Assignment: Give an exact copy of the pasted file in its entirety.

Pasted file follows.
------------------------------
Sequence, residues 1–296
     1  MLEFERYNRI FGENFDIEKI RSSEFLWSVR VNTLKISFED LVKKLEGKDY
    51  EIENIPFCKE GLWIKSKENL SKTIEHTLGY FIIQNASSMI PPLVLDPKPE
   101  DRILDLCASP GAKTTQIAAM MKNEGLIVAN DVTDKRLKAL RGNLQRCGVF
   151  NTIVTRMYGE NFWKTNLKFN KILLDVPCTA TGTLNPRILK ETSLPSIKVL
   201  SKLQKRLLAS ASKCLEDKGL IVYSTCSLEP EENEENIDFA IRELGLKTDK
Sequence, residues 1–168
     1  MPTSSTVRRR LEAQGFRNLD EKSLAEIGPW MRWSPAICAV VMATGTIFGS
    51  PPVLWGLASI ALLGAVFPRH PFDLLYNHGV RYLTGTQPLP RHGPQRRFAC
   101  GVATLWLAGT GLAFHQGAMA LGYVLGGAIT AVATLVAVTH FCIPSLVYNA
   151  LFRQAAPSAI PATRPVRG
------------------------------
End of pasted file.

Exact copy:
Sequence, residues 1–296
     1  MLEFERYNRI FGENFDIEKI RSSEFLWSVR VNTLKISFED LVKKLEGKDY
    51  EIENIPFCKE GLWIKSKENL SKTIEHTLGY FIIQNASSMI PPLVLDPKPE
   101  DRILDLCASP GAKTTQIAAM MKNEGLIVAN DVTDKRLKAL RGNLQRCGVF
   151  NTIVTRMYGE NFWKTNLKFN KILLDVPCTA TGTLNPRILK ETSLPSIKVL
   201  SKLQKRLLAS ASKCLEDKGL IVYSTCSLEP EENEENIDFA IRELGLKTDK
Sequence, residues 1–168
     1  MPTSSTVRRR LEAQGFRNLD EKSLAEIGPW MRWSPAICAV VMATGTIFGS
    51  PPVLWGLASI ALLGAVFPRH PFDLLYNHGV RYLTGTQPLP RHGPQRRFAC
   101  GVATLWLAGT GLAFHQGAMA LGYVLGGAIT AVATLVAVTH FCIPSLVYNA
   151  LFRQAAPSAI PATRPVRG